Before a cross-country trip in the U.S. I look at several websites. Then I call the FAA Flight Service Station to get a full briefing and to file my flight plan (you do file don't you?). This page has the websites I look at.
The day before the trip I look at these U.S. weather maps provided by commercial entities:
Accuweather Forecast Maps Over 5 Days.
Wunderground 12, 24, 36 & 48 Hour Forecast Maps.
The Weather Channel Forecasts for Today and 48 Hours.
Then I go to the these sites on the day of the trip:
The government's aviation site (like an FAA briefing).
Winds aloft maps.
Aviation 24-hour forecast map.
For my specific area of flight I look at these satellite maps (they can be set in motion, showing how the weather has been moving over the past few hours, thereby allowing a rough prediction on how an area will look several hours from now):
Florida and the Bahamas.
United States by region.
The Navy site is a powerful resource and ideal for flights over land or water (coastal or open seas), providing 7-day forecasts for most of the world. Because of the amount of information presented, it may seem difficult but it's worth it, with forecasts of wind, rain, and waves in 6-hour periods. The link to access it is below. But you need these instructions to navigate it. First, if you get a security problem notice, ignore it and continue to the site. Once on the Navy site, click on the FNMOC link on the left, then on the first link (Meteorology Products), and then again on the first link (Global & Regional Weather and Wave prediction Charts). Next, look for the map with your area of interest (look carefully, because to see certain areas, like Tropical Atlantic, you first need to click on the "Tropical Areas" tab). Once you find the map you want, click on the map. You will then arrive at a page that may seem daunting, but isn't. Just find the Product you want from the left column (e.g., "Previous 6 hr Precipitation Rate") and on that row click on the column for your period of interest (say, afternoon, 3 days from now). At the top of each column the number corresponds to the hours since the forecast was made, and from there you may need to adjust to one of the adjoining columns (see example in the footnote* below).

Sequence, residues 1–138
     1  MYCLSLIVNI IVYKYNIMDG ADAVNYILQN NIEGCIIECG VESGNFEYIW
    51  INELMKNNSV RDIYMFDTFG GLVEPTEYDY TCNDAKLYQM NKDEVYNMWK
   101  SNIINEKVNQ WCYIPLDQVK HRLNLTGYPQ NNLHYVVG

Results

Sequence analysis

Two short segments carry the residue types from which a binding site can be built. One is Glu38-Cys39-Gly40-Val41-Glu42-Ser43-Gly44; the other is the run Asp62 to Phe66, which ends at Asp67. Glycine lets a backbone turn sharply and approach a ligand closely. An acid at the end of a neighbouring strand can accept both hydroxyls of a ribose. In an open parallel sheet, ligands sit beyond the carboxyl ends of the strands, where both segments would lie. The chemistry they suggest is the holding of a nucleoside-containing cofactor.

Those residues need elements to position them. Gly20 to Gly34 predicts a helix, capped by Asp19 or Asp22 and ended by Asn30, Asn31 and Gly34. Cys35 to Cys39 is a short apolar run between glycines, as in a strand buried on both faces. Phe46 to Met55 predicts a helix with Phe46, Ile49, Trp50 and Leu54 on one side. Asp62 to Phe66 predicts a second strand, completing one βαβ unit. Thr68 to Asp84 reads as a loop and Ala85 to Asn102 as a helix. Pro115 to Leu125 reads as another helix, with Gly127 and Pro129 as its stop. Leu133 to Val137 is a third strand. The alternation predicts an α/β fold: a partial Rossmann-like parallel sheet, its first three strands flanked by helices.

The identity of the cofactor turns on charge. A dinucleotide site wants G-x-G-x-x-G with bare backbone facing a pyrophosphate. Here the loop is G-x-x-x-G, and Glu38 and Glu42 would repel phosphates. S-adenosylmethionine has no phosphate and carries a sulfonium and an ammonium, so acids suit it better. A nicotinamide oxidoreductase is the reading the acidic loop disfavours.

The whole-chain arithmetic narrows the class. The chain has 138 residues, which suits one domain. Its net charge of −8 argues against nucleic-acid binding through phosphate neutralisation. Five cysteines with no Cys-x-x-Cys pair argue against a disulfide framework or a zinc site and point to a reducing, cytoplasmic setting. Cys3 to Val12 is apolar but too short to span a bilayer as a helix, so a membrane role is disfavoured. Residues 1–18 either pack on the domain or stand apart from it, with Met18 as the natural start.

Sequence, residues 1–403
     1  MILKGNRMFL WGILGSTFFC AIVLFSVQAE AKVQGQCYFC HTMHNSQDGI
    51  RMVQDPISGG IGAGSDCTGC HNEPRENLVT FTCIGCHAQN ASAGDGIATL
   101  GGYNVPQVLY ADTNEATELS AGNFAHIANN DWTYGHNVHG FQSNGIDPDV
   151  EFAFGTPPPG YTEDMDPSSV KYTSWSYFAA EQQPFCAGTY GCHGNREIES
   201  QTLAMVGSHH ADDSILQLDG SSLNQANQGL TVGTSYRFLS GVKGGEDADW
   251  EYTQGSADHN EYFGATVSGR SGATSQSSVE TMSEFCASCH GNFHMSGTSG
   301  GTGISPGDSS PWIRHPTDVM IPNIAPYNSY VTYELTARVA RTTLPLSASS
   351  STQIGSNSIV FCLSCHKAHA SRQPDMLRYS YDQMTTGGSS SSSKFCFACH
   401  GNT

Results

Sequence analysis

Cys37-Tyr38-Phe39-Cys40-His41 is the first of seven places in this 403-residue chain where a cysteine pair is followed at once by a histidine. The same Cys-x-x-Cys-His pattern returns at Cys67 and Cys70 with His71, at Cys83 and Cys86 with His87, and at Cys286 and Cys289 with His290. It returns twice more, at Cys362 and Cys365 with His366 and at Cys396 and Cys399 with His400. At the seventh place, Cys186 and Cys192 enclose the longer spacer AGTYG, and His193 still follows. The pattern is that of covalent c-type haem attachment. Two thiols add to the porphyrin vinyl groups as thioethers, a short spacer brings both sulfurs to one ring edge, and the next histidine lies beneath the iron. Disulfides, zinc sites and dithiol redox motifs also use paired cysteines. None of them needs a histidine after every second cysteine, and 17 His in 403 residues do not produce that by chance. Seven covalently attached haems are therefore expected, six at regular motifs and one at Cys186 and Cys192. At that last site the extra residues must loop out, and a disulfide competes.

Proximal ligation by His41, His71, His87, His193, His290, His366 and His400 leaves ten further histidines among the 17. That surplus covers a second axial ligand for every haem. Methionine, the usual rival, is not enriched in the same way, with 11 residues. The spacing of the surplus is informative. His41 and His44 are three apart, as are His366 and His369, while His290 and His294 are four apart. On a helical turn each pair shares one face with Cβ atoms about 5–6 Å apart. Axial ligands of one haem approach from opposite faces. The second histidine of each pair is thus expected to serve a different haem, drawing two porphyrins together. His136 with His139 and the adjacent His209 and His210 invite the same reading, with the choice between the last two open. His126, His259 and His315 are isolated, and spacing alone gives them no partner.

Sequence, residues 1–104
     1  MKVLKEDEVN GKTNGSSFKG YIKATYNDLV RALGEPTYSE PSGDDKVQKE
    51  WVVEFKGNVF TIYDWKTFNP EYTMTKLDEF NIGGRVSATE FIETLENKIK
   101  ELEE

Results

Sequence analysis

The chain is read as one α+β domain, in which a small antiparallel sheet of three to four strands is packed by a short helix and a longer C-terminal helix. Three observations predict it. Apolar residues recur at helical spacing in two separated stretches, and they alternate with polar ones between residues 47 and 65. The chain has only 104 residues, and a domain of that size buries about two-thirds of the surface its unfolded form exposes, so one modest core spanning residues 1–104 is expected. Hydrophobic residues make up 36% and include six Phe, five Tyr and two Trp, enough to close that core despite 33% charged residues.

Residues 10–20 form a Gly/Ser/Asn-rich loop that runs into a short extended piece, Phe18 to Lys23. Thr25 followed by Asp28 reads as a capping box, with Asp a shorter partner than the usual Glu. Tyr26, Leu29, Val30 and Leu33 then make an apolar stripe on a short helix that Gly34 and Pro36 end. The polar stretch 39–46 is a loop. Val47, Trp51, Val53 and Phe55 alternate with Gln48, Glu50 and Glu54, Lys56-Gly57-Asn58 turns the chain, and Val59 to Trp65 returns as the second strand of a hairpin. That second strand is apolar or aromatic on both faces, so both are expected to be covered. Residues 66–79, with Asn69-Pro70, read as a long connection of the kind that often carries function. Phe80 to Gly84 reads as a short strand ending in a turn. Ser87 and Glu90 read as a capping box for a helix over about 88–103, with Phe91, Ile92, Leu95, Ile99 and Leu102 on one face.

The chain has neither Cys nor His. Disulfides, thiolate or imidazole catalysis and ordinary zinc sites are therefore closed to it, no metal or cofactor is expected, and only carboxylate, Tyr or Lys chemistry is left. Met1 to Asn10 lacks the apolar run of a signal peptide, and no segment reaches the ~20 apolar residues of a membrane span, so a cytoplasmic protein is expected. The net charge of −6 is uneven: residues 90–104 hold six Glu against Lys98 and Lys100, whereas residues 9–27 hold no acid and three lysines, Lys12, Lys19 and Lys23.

Navy Site (remember to ignore security problem notices)
(If link fails, copy this URL onto your Internet browser: https://www.metoc.navy.mil.)
*An example will illustrate. Say you want to see if rain is expected over Norfolk, Virginia, on the the afternoon of Thursday 5 days from now. You would have clicked on the CONUS map. On the row for "Previous 6 hr Precipitation Rate" you would click on the 120 column (5 days = 120 hours). When the map appears your first task is to confirm that it covers the date/time you want. Your first column choice is probably wrong, for two reasons. First, the forecast may have been done 12 hours ago, so you need the 132 column. Second, what you really need is the forecast for 00Zulu Friday (shown as Fri 00Z, see figure), which is 7 or 8PM Thursday night in the Eastern U.S., and will give you the amount of rain for the 6-hour period ending at 7 or 8 PM Thursday. So you might need the 126 or the 138 column. When you get the proper time period, you see a map showing the rain forecast, with color coding used to depict intensity.
Click here to return to the Skymaster US Website.